In 1957, Tulsa proudly proclaimed itself "America's Most Beautiful City." And, in a lot of ways, we had it right. The sunbelt states were just beginning to come into their own and the city's hubris was intense.
But that same year, the planners got hold of it.
Regular readers will know of my fascination with Tulsa in 1957. Not only was that year of Oklahoma's semi-centennial and the massive and spectacular Tulsarama! celebration (of which the Belvedere burial was but a small afterthought), but it represents a turning point in the history of our city.
Tulsa in 1957 is recent enough to be well within living memory, but far enough into the past to be a very different city. 1957 is before the expressway system, before urban renewal, before sprawl began in earnest.
Tulsa in 1957 was a quarter of a million people in 41 square miles. Today we've got only 50 percent more people spread out over nearly five times the territory.
While we may think of 1957 as an old-fashioned time, it was a time when the word "modern" carried only positive connotations and "old-fashioned" was no compliment, particularly here in a young city in a young state.
It was in the '50s that "forward-thinking" main street merchants in big cities and small towns began to cover old fashioned, turn-of-the-century stone and brick facades with futuristic metallic cladding and grills. Fifty years later, Oklahoma's award-winning "Main Street" programs are helping building owners tear off the mid-century cladding and restore the original facades.
Tulsa, I.T., a tourist magazine published by the Metropolitan Tulsa Chamber of Commerce in 1957, gives you a sense of what gave Tulsa's civic leaders pride in the city.
The center spread is a map and description of the Tulsa Tour, with its red arrows guiding motorists past the Chamber of Commerce building on south Boston, the "ultra-modern national headquarters" of the U. S. Jaycees (now demolished), the refineries, the Municipal Rose Garden, Utica Square, the Fairgrounds ("where the nation's largest livestock exhibit barn is to be found"), the "new $4 million" County Courthouse, and the "new inspiring" YMCA.
Boston Avenue Church and Philbrook were the only buildings on the list more than a few years old. Tulsa's leaders were proudest of what we had that was new and ultra-modern.
In 1957, the Tulsa Metropolitan Area Planning Commission (TMAPC) began the development of a comprehensive plan, an effort that continued for several years thereafter. The plans were intended to cover the period from 1960 to 1975. (You can find the documents on the TMAPC shelf in the government documents section on the 4th Floor of Central Library.)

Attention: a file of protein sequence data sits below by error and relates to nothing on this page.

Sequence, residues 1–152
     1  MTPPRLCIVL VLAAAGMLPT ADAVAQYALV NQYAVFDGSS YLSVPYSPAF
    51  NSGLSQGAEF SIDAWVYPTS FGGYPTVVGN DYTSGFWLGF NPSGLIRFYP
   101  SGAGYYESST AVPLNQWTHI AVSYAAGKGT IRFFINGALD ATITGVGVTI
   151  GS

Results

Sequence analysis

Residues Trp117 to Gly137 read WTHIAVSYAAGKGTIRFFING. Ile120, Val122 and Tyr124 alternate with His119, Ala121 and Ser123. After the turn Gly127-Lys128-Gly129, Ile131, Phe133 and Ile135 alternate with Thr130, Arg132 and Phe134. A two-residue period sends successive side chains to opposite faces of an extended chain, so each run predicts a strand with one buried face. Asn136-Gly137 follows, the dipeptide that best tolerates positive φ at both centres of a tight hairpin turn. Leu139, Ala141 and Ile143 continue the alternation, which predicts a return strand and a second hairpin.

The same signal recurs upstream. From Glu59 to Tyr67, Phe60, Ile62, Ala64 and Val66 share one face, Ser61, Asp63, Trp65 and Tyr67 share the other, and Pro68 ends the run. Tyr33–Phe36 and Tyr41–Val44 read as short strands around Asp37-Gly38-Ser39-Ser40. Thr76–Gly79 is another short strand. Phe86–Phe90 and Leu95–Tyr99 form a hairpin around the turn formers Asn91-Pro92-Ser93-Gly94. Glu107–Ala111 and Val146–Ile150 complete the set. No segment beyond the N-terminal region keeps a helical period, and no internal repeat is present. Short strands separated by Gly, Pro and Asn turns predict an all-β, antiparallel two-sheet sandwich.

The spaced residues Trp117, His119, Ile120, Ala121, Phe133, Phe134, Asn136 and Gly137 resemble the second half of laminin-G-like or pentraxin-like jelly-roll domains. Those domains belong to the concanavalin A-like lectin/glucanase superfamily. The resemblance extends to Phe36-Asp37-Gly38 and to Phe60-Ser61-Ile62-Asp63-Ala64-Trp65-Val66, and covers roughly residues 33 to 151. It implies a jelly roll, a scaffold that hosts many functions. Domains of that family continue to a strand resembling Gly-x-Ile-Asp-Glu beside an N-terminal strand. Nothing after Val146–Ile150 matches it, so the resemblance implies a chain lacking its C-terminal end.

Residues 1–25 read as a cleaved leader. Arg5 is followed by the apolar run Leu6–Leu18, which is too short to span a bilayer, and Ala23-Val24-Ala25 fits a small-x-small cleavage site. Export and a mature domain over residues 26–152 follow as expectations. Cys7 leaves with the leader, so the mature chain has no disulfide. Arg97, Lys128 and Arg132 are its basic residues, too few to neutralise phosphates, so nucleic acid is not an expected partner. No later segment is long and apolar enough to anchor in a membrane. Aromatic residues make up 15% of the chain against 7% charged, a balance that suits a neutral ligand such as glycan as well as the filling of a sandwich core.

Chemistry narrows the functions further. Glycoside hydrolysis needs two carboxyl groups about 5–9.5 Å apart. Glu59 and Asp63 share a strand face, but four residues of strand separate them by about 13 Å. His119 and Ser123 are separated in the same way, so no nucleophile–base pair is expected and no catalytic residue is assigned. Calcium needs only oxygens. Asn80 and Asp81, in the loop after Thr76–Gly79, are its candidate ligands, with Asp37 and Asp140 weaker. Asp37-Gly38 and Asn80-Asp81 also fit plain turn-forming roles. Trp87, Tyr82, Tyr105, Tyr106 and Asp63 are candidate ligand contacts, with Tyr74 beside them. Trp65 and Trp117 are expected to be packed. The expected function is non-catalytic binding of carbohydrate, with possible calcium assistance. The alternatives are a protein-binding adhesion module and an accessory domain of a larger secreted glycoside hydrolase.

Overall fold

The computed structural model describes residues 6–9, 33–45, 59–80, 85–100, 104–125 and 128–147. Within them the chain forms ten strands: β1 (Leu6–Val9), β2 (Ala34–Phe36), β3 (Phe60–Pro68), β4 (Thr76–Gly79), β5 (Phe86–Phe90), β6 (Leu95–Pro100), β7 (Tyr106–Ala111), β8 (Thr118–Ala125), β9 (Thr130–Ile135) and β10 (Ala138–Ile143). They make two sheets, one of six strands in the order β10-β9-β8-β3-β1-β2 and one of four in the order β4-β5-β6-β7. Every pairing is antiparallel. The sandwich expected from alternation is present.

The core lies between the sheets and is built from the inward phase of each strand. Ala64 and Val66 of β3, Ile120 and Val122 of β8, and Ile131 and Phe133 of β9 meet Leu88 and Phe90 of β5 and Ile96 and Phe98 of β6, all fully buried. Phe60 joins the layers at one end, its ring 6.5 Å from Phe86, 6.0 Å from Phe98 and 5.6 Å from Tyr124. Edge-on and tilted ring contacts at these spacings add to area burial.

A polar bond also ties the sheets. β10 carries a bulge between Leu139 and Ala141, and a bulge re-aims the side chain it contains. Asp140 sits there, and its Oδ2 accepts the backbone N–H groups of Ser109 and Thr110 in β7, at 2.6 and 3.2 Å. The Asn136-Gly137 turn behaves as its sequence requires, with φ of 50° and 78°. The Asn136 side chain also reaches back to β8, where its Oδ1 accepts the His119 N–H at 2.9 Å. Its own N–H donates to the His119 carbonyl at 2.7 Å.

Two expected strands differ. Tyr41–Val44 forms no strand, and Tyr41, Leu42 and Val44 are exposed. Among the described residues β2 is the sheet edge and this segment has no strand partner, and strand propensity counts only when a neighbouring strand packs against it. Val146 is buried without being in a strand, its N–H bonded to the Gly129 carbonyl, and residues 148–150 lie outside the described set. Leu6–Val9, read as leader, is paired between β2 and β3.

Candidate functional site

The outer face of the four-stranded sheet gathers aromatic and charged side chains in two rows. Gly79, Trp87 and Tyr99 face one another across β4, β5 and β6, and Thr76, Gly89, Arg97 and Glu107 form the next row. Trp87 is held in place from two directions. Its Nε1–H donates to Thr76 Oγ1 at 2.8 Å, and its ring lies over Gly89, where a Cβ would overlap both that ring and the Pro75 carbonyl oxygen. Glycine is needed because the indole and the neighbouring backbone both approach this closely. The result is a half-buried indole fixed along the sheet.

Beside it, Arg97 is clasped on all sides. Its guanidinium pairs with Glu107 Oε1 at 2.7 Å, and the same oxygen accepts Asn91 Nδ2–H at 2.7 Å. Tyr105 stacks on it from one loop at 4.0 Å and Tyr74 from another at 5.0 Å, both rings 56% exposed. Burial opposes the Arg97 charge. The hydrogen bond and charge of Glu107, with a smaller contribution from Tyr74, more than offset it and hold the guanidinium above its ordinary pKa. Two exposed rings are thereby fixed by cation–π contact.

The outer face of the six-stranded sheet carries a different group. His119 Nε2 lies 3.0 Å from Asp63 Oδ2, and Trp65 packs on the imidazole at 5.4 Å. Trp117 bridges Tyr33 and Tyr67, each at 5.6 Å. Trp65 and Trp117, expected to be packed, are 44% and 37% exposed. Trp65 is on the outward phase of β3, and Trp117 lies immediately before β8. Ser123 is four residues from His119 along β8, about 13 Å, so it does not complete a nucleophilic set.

These half-century-old planning documents make for instructive reading, particularly as we embark on the first comprehensive planning effort in 30 years. (See planitulsa.org for details.) They illustrate both the limitations of planning and the persistence of plans.
For better or worse, nearly every concept in those documents has been realized.
The 1957 comprehensive plan made Tulsa what it is today, a very different place than it was then.
General Plan Report 1 was issued in May 1957, with the title tulsa TOMORROW. The use of lower case and a smart sans serif font for the city's name and the article headings, the harvest gold color scheme, the striking graphics, the bold layouts that defied page boundaries put the reader on notice that this was not his granddaddy's approach to city development.
tulsa TOMORROW was an introduction to the idea and importance of urban planning. The reader was told that "no one could deny the value to a family of residing in a quiet area free from through traffic" and that the kind of major industry Tulsa needed to attract was looking for cities with "an up-to-date downtown."
A two-page spread rehearses the history of planning in Tulsa, starting with the 1922 establishment of the City Planning Commission and the adoption of a zoning ordinance and subdivision regulations in 1924.
But planning didn't flourish until 1953's merger of the city and county planning boards into the TMAPC. The ensuing four years saw a major zoning code change, the creation of the Civic Center plan, and surveys of traffic, parking, and land use.